Dynamics and mechanism of discrete etching of organic materials by femtosecond laser excitation

Yoichiroh Hosokawa, Masaki Yashiro, Tsuyoshi Asahi, Hiroshi Masuhara*

*Corresponding author for this work

Research output: Contribution to journalConference articlepeer-review

19 Scopus citations

Abstract

Laser ablation and etching of microcrystalline Cu-phthalocyanine thin films were examined by changing pulse duration (170 fs, 250 p5, 100 ns) of a 780 nm Ti:sapphire laser. Above fs (40 mJ/cm2) and ps (50 mJ/cm2) ablation thresholds, the etch depth becomes constant and is almost independent of laser fluence, and further increase in the fs fluence results in complete removal of the film. We name the unique ablation phenomenon discrete etching. On the other hand, the depth etched by ns laser excitation increases gradually with the fluence above its ablation threshold (80 mJ/cm2). In order to reveal the difference between the fs and ns etching behaviors, we measured directly excitation energy relaxation and surface morphology change with time-resolved absorption spectroscopy and time-resolved surface scattering imaging, respectively. The fs discrete etching phenomenon and its mechanism were considered in view of time evolutions from highly intense fs laser excitation to the step-wise etching. On the basis of the results, we propose a fs laser ablation model that ultrafast stress increase brings about mechanical disruption leading to the discrete etching behavior.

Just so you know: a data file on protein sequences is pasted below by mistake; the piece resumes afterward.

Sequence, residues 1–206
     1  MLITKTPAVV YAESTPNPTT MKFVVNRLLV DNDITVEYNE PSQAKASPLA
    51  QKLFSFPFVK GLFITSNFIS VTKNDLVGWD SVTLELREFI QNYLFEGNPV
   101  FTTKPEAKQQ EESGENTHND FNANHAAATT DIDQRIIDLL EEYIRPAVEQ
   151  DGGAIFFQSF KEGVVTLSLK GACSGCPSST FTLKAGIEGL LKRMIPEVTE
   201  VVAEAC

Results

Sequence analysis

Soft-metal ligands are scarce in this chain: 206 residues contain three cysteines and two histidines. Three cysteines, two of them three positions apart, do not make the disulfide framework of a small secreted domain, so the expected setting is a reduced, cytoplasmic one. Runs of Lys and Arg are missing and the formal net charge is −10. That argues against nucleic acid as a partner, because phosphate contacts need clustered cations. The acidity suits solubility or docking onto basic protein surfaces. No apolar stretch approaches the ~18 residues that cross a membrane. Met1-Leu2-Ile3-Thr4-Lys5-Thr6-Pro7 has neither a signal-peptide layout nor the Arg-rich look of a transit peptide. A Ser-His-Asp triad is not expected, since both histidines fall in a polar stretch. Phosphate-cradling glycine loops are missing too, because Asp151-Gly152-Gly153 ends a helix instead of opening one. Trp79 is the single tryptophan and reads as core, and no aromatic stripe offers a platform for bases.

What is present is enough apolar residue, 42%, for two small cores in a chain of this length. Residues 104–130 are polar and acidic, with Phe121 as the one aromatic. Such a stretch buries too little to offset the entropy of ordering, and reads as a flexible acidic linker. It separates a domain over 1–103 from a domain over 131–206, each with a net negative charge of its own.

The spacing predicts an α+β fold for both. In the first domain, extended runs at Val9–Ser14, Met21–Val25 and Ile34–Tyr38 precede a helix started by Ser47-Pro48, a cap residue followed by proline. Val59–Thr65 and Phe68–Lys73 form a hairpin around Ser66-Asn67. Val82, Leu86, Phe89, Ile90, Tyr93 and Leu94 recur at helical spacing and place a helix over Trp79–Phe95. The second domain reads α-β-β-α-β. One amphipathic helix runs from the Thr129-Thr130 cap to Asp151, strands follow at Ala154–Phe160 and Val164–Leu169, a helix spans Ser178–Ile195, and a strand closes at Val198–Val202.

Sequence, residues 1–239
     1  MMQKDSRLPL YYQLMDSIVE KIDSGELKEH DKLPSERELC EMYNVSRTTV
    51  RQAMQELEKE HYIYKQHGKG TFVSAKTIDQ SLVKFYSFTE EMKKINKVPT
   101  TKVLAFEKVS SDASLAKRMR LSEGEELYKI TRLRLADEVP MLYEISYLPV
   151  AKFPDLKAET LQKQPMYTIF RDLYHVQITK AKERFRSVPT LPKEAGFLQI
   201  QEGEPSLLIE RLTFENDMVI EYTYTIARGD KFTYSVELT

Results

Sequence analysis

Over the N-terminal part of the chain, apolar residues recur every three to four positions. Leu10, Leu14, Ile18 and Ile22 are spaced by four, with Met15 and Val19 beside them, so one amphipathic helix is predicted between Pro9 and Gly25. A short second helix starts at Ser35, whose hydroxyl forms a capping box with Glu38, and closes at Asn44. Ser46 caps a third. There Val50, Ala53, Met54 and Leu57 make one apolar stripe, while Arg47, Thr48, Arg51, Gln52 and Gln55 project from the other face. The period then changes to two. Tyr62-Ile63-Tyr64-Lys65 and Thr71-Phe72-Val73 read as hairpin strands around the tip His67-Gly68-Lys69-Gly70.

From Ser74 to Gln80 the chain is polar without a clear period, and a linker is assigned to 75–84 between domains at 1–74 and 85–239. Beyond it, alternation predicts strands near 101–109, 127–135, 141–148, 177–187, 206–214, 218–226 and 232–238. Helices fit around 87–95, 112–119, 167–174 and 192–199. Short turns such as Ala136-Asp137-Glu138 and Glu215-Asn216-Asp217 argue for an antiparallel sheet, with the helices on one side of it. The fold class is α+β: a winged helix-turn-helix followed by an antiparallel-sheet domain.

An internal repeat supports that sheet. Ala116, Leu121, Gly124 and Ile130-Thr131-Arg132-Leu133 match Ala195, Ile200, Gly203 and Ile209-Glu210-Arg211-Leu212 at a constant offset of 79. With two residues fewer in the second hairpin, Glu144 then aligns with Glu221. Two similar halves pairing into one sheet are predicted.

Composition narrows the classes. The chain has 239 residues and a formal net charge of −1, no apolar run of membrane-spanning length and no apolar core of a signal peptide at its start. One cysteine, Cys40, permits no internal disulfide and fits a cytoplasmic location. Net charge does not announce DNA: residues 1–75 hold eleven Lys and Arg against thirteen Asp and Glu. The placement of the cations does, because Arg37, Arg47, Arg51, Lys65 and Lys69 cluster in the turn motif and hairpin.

Original languageEnglish
Pages (from-to)78-87
Number of pages10
JournalProceedings of SPIE - The International Society for Optical Engineering
Volume4274
DOIs
StatePublished - 29 Jun 2001
EventLaser Applications in Microelectronic and Optoelectronic Manufacturing VI 2001 - San Jose, United States
Duration: 20 Jan 200126 Jan 2001

Keywords

  • Discrete etching
  • Femtosecond laser ablation
  • Phthalocyanine film
  • Time-resolved imaging
  • Time-resolved spectroscopy

Fingerprint Dive into the research topics of 'Dynamics and mechanism of discrete etching of organic materials by femtosecond laser excitation'. Together they form a unique fingerprint.

Cite this